- Hidden fees: If you come right out and ask a provider about hidden fees, don’t expect a straightforward answer. Just plan on paying a little extra if you make changes to your service or even for activating a cell phone. You can study the fine print of a phone contract and look for keywords like “phone-replacement fees” or “extended warranties”, but when you’re dealing with cell phone providers, expect the unexpected.
One last note on picking a provider — I have recently switched to a “budget minded” national cell phone plan. These providers (names like Cricket and Boost) have the budget-conscious consumer in mind, and offer limited call areas at extremely cheap prices. Though I don’t have coverage if I travel too far outside an urban area, I pay 1/3 of what I used to pay and enjoy Internet access and all kinds of other cool features on my new phone. You don’t have to choose one of the “big name” cell service providers. Be sure and check out the services offered by the little guys, too.
Picking A Cell Phone
So you’ve got cell phone service — now you need to pick a phone. The only two factors that go into your phone choice are how much you’ll use the phone and where you plan to use it. Since you’ve already decided on the features you need when you picked a service provider, pick your phone based on how much use it will get and how far you’ll travel from your hometown. Sure, looks are a factor, so buy a phone that looks cool.
You may be forced to buy a phone from your service provider — in this case, you usually get big discounts, so don’t think of this as a hassle. Usually you get a cool new phone for a cut rate.
If you are looking for a cheaper phone, you’re in luck. Depending on your provider, you can get a phone for as little as nothing. Ask your provider if they offer a free phone — you may not get many features and it may not be the prettiest thing on the block, but free is a price everyone can agree on.
As far as how much you’ll use your new cell phone, the life of the battery is the main concern. Different phones have different battery strengths, ranging from an hour or so to well over 12 hours. Fancy phones with tons of features probably need to be charged more often than cheaper ones, and the vendor that sells you the phone ought to be able to give you the estimated “talk time” — the battery life of the phone while in use.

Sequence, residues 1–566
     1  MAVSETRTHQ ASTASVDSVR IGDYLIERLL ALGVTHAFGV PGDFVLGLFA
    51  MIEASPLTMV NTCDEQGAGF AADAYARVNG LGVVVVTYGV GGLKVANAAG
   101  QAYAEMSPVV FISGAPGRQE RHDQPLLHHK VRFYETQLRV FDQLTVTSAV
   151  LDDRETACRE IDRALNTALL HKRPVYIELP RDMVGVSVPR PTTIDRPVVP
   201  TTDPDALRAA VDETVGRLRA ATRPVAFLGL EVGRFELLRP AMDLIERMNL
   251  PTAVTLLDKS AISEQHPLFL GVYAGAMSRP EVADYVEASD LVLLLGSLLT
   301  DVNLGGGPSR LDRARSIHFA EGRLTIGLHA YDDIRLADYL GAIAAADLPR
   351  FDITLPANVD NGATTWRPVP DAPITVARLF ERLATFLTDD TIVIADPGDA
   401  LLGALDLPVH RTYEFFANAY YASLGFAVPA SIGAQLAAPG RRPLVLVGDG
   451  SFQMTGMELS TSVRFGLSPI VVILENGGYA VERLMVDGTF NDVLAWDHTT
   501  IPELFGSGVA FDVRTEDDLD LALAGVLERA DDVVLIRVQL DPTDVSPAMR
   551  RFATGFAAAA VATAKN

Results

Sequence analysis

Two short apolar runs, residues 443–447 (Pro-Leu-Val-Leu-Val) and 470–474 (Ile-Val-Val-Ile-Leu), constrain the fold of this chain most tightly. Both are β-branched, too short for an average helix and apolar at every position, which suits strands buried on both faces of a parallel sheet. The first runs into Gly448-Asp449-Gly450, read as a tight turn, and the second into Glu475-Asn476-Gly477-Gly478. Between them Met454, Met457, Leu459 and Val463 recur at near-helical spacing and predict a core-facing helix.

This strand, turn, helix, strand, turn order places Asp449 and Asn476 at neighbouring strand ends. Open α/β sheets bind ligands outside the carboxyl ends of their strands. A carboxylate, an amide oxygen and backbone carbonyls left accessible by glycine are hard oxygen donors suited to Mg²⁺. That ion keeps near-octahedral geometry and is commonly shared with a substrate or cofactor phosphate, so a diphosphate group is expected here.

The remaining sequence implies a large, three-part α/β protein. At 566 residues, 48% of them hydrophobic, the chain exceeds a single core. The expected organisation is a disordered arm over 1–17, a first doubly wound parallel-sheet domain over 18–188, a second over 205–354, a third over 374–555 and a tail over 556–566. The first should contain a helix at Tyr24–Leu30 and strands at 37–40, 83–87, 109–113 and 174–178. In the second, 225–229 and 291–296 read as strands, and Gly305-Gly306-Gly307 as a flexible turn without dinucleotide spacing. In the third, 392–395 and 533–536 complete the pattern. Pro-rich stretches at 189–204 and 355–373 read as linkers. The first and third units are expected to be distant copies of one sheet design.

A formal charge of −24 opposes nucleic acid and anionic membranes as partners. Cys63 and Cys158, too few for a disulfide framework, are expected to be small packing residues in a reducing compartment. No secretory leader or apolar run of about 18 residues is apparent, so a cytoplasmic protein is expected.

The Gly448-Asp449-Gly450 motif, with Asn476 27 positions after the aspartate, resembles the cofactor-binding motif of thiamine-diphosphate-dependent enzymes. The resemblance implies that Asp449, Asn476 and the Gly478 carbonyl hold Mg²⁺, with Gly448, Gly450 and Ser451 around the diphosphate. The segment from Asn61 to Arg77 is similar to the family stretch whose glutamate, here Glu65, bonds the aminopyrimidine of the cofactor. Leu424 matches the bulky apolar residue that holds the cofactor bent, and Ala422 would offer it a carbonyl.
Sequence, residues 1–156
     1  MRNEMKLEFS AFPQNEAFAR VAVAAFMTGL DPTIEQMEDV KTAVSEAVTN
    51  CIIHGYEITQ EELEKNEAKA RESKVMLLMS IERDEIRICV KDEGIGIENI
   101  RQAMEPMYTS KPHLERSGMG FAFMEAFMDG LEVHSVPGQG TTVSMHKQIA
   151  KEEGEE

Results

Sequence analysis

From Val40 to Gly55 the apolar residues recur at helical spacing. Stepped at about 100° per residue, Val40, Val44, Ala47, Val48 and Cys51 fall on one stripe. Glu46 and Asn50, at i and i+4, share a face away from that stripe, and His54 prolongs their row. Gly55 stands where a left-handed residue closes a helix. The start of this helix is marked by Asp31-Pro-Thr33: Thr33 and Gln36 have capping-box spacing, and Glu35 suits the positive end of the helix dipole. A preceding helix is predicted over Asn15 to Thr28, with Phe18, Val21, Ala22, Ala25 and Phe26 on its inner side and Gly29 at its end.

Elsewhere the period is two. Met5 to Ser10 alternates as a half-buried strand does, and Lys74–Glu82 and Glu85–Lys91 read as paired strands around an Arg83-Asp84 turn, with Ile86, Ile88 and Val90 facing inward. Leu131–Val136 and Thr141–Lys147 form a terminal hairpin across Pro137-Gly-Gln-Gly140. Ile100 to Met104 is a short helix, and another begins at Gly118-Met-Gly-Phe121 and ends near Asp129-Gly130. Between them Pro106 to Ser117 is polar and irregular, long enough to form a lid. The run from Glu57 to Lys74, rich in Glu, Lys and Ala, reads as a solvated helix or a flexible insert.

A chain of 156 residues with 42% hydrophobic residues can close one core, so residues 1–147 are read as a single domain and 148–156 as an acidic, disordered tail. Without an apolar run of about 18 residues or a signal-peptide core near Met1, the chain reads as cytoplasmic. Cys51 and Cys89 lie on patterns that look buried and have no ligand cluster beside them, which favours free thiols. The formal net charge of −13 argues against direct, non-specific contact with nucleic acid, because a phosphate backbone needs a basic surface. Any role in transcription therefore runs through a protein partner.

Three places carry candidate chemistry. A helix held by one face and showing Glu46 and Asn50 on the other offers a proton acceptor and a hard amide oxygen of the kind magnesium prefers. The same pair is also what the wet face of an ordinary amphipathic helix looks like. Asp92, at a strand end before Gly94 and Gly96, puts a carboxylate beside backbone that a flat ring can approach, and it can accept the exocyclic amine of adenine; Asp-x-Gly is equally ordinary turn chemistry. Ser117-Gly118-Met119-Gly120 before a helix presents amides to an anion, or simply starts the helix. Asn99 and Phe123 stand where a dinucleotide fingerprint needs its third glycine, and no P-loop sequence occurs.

If you plan on travelling the country, picking a “high band” phone is crucial. Phones come in one of four categories — single, dual, tri, or quad-band. Basically, the more bands a phone uses, the more cellular frequencies it can pick up. Quad-band phones provide better coverage than any other, but if you aren’t travelling much, you can stick with a single band phone.
Where cell phones were once playthings for the rich or expensive tools for businessmen and celebrities on the go, cell phones are now a standard piece of technology that everyone needs. Once you learn how to buy a cell phone the first time, changing your provider or buying a new phone will be like falling off a bicycle — no one ever needs a second lesson. Cell phones are the most convenient way, if not always the cheapest, to keep in touch with your loved ones, play around on the Internet, and feel safe and secure on the road or on vacation.